valid claim under the Fourth Amendment, his Fourteenth Amendment claim is superfluous and
should be dismissed.”).
The Court therefore dismisses Count I’s alternative claim for a
Fourteenth Amendment violation.6 See  at ¶ 31. Defendants’ motion to dismiss Count I is
granted in part and denied in part.
seatbelt, drove too fast for the weather conditions, improperly used his cell phone while driving, and
slammed on the van’s breaks to avoid a collision caused by his inattention stated a plausible deliberate
indifference claim); Jamison v. YC Parmia Ins. Grp., 2015 WL 8276333, at *3 (E.D. Cal. Dec. 9, 2015)
(allowing Eighth Amendment claim to survive motion to dismiss because plaintiff alleged reckless
driving at speeds of 80 miles an hour alongside failure to seatbelt); Stewart v. Wenerowicz, 2015 WL
5092865, at *8 (E.D. Pa. Aug. 27, 2015) (noting that “a number of federal district courts and circuits have
concluded that an Eighth Amendment claim exists where corrections officers transport a prisoner in a
vehicle lacking adequate safety restraints, drive the vehicle recklessly with knowledge of the danger
posed to the prisoner, and plaintiff suffers an injury resulting from this conduct); Gibbs v. Village of
Flossmoor, 2014 WL 1396184, at *5 (N.D. Ill. April 10, 2014) (allowing Fourteenth Amendment claim
survive dismissal where plaintiff alleged that he was handcuffed and placed in a police car without being
belted and defendants slammed on the breaks unnecessarily with the intent to harm or punish the
plaintiff); Barela v. Romero, 2007 WL 2219441, at *7 (D.N.M. May 10, 2007) (lack of seatbelts for
shackled prisoner coupled with allegations of purposeful, reckless driving by defendant were sufficient to
plead an Eighth Amendment claim).
The Court notes that Defendants’ opening brief, which moved for dismissal of Count I, only asserted
arguments concerning the sufficiency of Plaintiff’s Fourth Amendment claim. See  at 4-6. Plaintiff’s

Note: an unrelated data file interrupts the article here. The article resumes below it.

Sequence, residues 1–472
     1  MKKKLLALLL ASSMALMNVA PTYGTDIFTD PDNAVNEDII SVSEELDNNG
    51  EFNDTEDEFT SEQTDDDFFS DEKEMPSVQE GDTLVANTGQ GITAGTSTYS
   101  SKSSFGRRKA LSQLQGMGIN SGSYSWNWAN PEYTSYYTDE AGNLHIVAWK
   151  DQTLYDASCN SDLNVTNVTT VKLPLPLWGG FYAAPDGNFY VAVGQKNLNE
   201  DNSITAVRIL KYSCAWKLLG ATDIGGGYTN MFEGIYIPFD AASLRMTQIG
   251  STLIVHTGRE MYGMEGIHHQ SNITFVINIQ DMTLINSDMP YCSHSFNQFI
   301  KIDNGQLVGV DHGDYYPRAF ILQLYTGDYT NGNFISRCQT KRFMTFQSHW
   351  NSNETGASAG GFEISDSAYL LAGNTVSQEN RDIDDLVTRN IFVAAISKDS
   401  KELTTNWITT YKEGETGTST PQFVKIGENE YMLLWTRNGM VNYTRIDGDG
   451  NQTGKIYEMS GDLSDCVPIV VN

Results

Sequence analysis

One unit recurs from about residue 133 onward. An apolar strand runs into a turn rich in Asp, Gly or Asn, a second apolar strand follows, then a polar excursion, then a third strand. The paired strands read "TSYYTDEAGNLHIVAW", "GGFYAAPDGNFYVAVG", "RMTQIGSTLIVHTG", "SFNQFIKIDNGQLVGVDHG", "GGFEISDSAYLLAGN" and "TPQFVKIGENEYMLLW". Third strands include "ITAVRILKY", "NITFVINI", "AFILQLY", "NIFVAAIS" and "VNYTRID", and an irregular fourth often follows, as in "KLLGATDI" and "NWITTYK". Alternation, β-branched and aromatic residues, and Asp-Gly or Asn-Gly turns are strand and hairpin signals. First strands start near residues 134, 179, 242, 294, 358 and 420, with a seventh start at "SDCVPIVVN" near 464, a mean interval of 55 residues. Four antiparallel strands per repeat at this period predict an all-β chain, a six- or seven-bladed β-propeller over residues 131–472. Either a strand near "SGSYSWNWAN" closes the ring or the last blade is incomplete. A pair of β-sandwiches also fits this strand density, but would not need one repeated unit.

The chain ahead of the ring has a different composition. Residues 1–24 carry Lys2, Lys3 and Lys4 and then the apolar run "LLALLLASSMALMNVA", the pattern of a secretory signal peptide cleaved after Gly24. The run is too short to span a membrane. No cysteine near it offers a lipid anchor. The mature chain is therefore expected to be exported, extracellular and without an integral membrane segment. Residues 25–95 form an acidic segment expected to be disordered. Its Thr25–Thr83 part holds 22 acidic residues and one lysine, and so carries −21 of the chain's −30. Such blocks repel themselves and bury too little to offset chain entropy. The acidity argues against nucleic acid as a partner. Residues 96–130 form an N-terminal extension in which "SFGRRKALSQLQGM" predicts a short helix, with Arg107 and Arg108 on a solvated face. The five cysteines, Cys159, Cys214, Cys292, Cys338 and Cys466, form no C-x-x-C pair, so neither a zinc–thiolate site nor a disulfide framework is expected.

response highlighted this omission and also argued the merits of his alternative Fourteenth Amendment
Claim. See  at 7-9. Through their reply, Defendants assert that Fourth and Fourteenth Amendment
claims cannot be predicated on the same facts and further argue that Count I’s allegations are insufficient
to state a Fourteenth Amendment claim in any event. Notwithstanding Defendants’ failure to address the
Defendants next argue that David is entitled to qualified immunity because his conduct
“does not violate the Fourth Amendment” or any other “clearly established right.” See  at 89. Under the doctrine of qualified immunity, “government officials performing discretionary
functions are protected from liability for civil damages insofar as their conduct does not violate
clearly established statutory or constitutional rights of which a reasonable person would have
known.” Harlow v. Fitzgerald, 457 U.S. 800, 818 (1982). Plaintiffs are not required to plead
facts to defeat qualified immunity, and under notice pleading standards often there are not
enough facts alleged to make qualified immunity determinations. Alvarado v. Litscher, 267 F.3d
648, 652 (7th Cir. 2001).
When considering a qualified immunity defense, the Court
contemplates the following: (1) taken in the light most favorable to the party asserting injury, do
the facts alleged establish that Defendant violated a constitutional right; and (2) whether that
constitutional right was clearly established at the time of Defendant’s conduct. Hernandez ex